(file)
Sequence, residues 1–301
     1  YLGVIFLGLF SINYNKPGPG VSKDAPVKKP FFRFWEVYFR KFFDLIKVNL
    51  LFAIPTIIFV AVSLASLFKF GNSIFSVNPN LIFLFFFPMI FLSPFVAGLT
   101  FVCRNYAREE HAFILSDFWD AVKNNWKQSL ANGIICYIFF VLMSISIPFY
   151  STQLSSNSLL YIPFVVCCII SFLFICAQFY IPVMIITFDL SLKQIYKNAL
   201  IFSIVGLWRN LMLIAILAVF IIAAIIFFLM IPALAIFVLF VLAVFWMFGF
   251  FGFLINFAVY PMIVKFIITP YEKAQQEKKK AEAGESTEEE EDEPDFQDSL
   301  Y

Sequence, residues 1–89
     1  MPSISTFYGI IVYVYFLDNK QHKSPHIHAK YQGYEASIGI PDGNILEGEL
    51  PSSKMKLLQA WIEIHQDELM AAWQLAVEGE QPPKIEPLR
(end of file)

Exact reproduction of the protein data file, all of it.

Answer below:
Sequence, residues 1–301
     1  YLGVIFLGLF SINYNKPGPG VSKDAPVKKP FFRFWEVYFR KFFDLIKVNL
    51  LFAIPTIIFV AVSLASLFKF GNSIFSVNPN LIFLFFFPMI FLSPFVAGLT
   101  FVCRNYAREE HAFILSDFWD AVKNNWKQSL ANGIICYIFF VLMSISIPFY
   151  STQLSSNSLL YIPFVVCCII SFLFICAQFY IPVMIITFDL SLKQIYKNAL
   201  IFSIVGLWRN LMLIAILAVF IIAAIIFFLM IPALAIFVLF VLAVFWMFGF
   251  FGFLINFAVY PMIVKFIITP YEKAQQEKKK AEAGESTEEE EDEPDFQDSL
   301  Y

Sequence, residues 1–89
     1  MPSISTFYGI IVYVYFLDNK QHKSPHIHAK YQGYEASIGI PDGNILEGEL
    51  PSSKMKLLQA WIEIHQDELM AAWQLAVEGE QPPKIEPLR